Netflix is launching after-show for ‘Stranger Things’
The Verge reported, as fans of “Stranger Things” already know, that Netflix has created its own after-show to go along with the series. The after-show is called “Beyond Stranger Things” and is hosted by actor Jim Rash. The seven-episode series dropped along with “Stranger Things” on October 27, 2017.
“Beyond Stranger Things” contains analysis of the episodes of the main series, along with interviews and round-table discussions with the cast and crew. Netflix suggests waiting to watch “Beyond Stranger Things” until after seeing the entire second season of “Stranger Things” in order to avoid spoilers. The live streaming service has a similar after-show for the first season, but it was uploaded to YouTube and not the Netflix platform.
The format of “Beyond Stranger Things” is similar to “Talking Dead,” an after-show that runs with “The Walking Dead” and “Fear the Walking Dead.” *t airs after each episode and is hosted by Chris Hardwick. HBO had a similar show that ran alongside “Game of Thrones” called “After Thrones.”
One of the virtues of after-shows is that they are relatively cheap to produce, since they are taped inside a studio and involve people talking, along with behind-the-scenes clips from the show being discussed. They also provide a vehicle to keep the fans engaged in the series by letting them take a peek behind the curtain and letting them in on more information about the development of the show.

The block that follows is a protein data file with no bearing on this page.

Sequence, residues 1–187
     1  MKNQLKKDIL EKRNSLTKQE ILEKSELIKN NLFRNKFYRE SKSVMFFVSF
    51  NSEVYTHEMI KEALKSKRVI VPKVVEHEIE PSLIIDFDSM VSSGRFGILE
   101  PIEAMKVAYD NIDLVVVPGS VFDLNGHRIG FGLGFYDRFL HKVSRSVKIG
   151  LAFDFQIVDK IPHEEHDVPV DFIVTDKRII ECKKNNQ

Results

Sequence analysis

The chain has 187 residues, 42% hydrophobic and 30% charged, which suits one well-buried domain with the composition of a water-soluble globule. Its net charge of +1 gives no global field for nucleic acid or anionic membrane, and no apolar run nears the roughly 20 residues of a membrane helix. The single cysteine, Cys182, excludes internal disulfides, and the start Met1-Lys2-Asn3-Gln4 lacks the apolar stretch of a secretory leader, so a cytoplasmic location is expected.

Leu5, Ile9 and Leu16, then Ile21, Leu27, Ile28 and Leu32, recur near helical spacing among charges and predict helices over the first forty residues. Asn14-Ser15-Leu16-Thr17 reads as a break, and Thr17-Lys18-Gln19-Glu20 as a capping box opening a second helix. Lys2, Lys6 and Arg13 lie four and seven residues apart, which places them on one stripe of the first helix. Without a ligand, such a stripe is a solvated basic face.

Rolling Stone has a piece about some of the background details of “Stranger Things” that were revealed on the after-show. For instance, the alternate dimension know as the “Upside Down” was first known as “the Nether.” However, the potential for double entendre references to “the Nether Regions” persuaded the Duffer brothers, the show’s creators, to accept the now familiar name of the scary, monster-filled universe.
Some of the actors had to go above and beyond during certain scenes. Two of the characters, Eleven and Mike, were called on to have onscreen kisses, something that made them nervous. The applause from the other actors when the smooch between Mike and Eleven happened did not help matters.
Also, a scene in which Eleven gets angry and has a psychokinetic meltdown, with windows being shattered and slamming doors, was not done with CGI, but rather with practical effects. While the actor playing Hopper, the police chief with whom Eleven was annoyed, was standing in a place to minimize his chances of being cut by flying glass, the danger he was in was real.